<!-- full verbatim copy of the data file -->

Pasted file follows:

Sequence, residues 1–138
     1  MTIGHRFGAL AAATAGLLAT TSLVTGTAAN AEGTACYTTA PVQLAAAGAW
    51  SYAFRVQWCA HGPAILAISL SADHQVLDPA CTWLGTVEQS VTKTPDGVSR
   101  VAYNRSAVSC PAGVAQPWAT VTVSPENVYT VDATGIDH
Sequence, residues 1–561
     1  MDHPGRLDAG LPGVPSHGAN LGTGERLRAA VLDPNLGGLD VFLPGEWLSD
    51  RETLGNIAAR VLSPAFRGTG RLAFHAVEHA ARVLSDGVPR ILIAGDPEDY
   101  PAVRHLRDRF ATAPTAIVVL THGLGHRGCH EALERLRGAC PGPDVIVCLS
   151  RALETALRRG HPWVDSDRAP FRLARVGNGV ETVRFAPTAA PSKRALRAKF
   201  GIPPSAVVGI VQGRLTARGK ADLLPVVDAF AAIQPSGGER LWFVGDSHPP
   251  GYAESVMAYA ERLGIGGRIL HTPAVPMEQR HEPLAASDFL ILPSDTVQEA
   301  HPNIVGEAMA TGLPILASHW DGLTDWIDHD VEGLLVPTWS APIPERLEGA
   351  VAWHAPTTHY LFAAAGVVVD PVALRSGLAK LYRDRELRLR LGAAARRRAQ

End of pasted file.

Sequence, residues 1–138
     1  MTIGHRFGAL AAATAGLLAT TSLVTGTAAN AEGTACYTTA PVQLAAAGAW
    51  SYAFRVQWCA HGPAILAISL SADHQVLDPA CTWLGTVEQS VTKTPDGVSR
   101  VAYNRSAVSC PAGVAQPWAT VTVSPENVYT VDATGIDH
Sequence, residues 1–561
     1  MDHPGRLDAG LPGVPSHGAN LGTGERLRAA VLDPNLGGLD VFLPGEWLSD
    51  RETLGNIAAR VLSPAFRGTG RLAFHAVEHA ARVLSDGVPR ILIAGDPEDY
   101  PAVRHLRDRF ATAPTAIVVL THGLGHRGCH EALERLRGAC PGPDVIVCLS
   151  RALETALRRG HPWVDSDRAP FRLARVGNGV ETVRFAPTAA PSKRALRAKF
   201  GIPPSAVVGI VQGRLTARGK ADLLPVVDAF AAIQPSGGER LWFVGDSHPP
   251  GYAESVMAYA ERLGIGGRIL HTPAVPMEQR HEPLAASDFL ILPSDTVQEA
   301  HPNIVGEAMA TGLPILASHW DGLTDWIDHD VEGLLVPTWS APIPERLEGA
   351  VAWHAPTTHY LFAAAGVVVD PVALRSGLAK LYRDRELRLR LGAAARRRAQ